original packaging of the genuine software program. Counterfeit versions are also accompanied by copies of enduser license agreement, user instruction manuals, registration cards and security
Impact of software counterfeiting
Software counterfeiting has a farreaching effect on the Indian economy. Not only does it affect the IP owners’revenue, it also induces the purchasing public to get into the habit of evading tax. Software companies invest a lot of money in developing their software products, but receive no return on investment from the sale of counterfeit software products. Both the software industry and the community at large are affected.
Another problem that Indian pharmaceutical companies face with growing concern is the impending export barriers that are appearing in Western markets. In light of the increasing incidence of counterfeit medicines, many governments are introducing strict measures to ensure the safety of drugs that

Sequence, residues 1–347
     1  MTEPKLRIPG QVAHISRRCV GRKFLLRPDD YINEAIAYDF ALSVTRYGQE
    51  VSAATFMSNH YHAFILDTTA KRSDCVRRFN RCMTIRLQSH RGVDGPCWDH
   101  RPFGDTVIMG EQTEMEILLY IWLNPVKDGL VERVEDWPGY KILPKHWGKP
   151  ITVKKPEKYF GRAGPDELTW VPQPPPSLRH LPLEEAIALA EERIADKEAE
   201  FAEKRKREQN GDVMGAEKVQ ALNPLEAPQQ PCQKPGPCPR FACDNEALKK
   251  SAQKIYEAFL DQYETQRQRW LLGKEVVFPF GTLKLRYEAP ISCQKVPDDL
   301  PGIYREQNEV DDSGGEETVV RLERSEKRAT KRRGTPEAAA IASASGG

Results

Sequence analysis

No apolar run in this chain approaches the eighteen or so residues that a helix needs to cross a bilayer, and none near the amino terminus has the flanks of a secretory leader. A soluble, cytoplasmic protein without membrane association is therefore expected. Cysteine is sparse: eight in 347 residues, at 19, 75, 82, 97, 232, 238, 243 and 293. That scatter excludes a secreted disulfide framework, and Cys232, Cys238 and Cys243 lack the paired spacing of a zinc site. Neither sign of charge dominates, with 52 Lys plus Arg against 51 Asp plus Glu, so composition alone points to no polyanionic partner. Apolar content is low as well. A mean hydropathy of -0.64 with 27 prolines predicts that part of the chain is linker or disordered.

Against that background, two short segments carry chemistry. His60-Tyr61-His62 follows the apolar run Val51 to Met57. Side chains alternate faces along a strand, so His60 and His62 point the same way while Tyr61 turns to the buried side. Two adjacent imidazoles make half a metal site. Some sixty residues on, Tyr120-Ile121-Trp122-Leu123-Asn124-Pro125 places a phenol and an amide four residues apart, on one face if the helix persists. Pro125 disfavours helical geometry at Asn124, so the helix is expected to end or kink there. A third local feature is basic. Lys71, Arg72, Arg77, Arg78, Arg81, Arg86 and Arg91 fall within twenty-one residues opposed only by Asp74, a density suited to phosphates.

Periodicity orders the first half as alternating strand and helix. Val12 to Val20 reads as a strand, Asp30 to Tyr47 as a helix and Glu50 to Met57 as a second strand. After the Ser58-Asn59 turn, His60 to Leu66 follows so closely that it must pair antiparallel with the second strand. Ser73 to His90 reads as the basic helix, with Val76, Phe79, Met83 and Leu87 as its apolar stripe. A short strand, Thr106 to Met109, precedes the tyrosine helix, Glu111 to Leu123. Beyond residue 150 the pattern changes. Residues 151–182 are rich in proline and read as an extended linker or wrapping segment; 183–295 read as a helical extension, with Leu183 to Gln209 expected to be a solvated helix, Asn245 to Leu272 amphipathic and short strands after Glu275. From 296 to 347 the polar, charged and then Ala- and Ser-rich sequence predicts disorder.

come into their markets from abroad.
Generics vs counterfeits
India being the largest producer of generics in the world, many problems are being faced by India Pharmaceuticals example being the recent drugs seizures in Europe.
ACTA AND GENERICS PHARMA
ACTA treaty could negatively impact on its trade in generic medicines, the text requires that countries provide procedures for the customs seizure of goods’suspected’ of infringing trademarks, copyrights and other IPRs against goods ‘in-transit. According to the ACTA text,’In-transit’ includes’customs transit’ and’transshipment’. Seizures would be allowed even where there is a mere ‘prima facie’ case of IPR infringement. In view of the recent seizures of generic drug consignments, provisions relating to’in-transit’ in all likelihood would create barriers to access to essential generic medicines, as well as access to critical climate change technologies. ACTA reduce the power of the courts and the accountability of court-enforcement and ends up transferring too much power to the owners of intellectual property by allowing for the seizure of goods without court oversight.
Is ACTA the answer?
The jury is still out on whether ACTA will succeed and whether a clear, ambitious and yet practical standard will be developed from it across a range of civil and criminal enforcement topics outlined draft. But no matter what your view on ACTA, it is impossible to ignore the crippling effects illegal file sharing and other types of counterfeiting are having on the music and movie industries in particular. Something clearly has to be done.